"Coshocton: the name is unquestionably a modification of the name of the old Indian town at the forks of the Muskingum Goschachgunk as somewhat variously spelled according to sound by the old croniclers in different languages. Different and quite contradictory definition of the name have been given.
"Was in the occupancy of the Delaware Indian and before them the Shawnee Indians were in the land."
Page 2 — The territory embraced in Coshocton county is part of that designated as a United States Military Land District — so called from the fact that congress, in 1798 appropriated it to satisfy certain claims of the officers and soldiers of the Revolutionary War. What land was not required for the satisfaction of the military warrants was subsequently sold by Act of Congress, under the designation of congress land.
Page 17 — In 1806, Philip Waggoner, Geo. Loose, John Wolf, and Geo. Leighninger settled in Oxford township, and the McLains were in Lafayette. In the same year the Darlings, the Butlers, John Bantham, and John Elder went to the Upper Walhonding Valley.
regular census was taken of the county until 1820.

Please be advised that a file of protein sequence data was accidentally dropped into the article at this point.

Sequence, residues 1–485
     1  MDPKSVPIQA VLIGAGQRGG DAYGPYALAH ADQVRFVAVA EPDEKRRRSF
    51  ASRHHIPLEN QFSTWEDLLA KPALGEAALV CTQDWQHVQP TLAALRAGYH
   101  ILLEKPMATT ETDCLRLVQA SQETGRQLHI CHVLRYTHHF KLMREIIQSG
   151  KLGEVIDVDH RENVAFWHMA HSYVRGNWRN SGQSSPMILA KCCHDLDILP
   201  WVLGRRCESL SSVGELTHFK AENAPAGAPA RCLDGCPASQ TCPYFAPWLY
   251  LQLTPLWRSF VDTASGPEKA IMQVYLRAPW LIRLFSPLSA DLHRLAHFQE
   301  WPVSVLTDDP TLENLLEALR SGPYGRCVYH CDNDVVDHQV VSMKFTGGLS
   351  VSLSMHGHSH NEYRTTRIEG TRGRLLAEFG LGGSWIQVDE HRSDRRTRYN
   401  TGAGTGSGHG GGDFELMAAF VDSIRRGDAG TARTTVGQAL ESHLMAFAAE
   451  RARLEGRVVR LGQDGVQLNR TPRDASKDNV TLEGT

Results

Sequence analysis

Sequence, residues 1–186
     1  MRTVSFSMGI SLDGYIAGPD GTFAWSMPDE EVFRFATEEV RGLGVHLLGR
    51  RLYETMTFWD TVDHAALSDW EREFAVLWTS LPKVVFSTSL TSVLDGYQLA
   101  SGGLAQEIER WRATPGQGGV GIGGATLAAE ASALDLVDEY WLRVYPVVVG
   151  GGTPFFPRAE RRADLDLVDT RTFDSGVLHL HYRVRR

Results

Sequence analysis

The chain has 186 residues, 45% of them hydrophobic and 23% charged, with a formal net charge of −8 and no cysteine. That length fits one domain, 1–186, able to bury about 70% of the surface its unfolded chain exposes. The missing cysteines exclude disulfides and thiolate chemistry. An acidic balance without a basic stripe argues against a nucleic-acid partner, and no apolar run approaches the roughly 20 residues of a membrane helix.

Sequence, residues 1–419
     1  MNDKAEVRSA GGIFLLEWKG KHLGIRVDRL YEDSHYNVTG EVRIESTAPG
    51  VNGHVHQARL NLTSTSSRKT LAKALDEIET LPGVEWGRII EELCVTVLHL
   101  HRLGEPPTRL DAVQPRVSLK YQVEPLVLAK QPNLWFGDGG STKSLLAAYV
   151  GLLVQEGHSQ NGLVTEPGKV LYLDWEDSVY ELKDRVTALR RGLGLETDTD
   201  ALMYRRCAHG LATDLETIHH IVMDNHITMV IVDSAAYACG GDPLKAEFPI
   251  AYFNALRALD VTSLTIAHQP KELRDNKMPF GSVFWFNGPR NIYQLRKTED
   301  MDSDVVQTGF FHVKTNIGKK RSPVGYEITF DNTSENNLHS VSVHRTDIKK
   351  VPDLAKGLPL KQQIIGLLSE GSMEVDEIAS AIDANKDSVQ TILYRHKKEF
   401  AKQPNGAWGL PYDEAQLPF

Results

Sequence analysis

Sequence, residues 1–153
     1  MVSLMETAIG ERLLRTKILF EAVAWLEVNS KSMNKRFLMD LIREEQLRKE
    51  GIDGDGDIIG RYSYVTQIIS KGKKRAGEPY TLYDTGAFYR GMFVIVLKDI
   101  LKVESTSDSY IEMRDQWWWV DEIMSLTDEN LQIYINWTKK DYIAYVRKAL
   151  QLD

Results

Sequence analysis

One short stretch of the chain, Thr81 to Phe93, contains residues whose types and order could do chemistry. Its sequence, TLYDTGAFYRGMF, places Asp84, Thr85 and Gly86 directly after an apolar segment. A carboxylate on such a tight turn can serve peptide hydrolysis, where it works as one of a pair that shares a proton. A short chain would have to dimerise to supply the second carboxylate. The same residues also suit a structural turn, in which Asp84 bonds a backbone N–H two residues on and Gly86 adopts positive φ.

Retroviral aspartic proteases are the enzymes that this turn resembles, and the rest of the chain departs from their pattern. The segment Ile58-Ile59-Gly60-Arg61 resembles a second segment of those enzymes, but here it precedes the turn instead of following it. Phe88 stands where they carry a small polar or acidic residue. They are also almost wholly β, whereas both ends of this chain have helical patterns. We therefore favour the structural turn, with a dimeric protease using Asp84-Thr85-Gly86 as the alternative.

Page 19 — It is however known that those whose names appear on this list and their children the following persons were residents of the county at that time, several of them having been for a number of years preceding: John Elder
In 1818 there were 285 resident landowners
In 1820 the census found 7,086 inhabitants in Coshocton County.
Census data Jefferson Twp:
Page 41 — Jefferson Township — In 1818, the taxpaying landowners in Jefferson Township were Joseph Butler, Thomas Butler, Robert Darling, Stephen Meredith, and Abner Meredith. They were all from Virginia. Darling and the Butlers came in 1806. The Merediths a little later. They and there descendants have been well known in the land. One of Darling's sons (Thomas) was for years county commissioner. They were all farmers.
Henry Carr came from Virginia in 1805, and, after raising a few crops in the prairie in Bethlehem Township, settled in Jefferson. He was the grandfather of ex-sheriff J. H. Carr.
Page 42 — Colonel Wm. Simmon, a Virginian, who had been a colonel in the Revolutionary War, received for his service Simmons Section, the southeast quarter of this township, and settled thereon about 1819. He died at a good old age, and was buried on his farm. The family was one of the few who brought a carriage with them to the county. A son C. W. Simmons, was in the Legislature, new resides in Iowa at a very old age. A daughter was married by General Wm. Carhardt.
John Elder emigrated from Ireland to Virginia in 1804, and thence came with the Darlings to the Walhonding Valley in 1806. After making several other locations, he settled in Jefferson township about 1820. He died on his farm in 1851, now occupied by his son, Cyrus Elder, a little west of Warsaw. He was a full blooded, county Antrim, Presbyterian. He was twice married, and reared a large family, still prominent in the township. During the War of 1812, he spent some months in hauling supplies to the soldiers.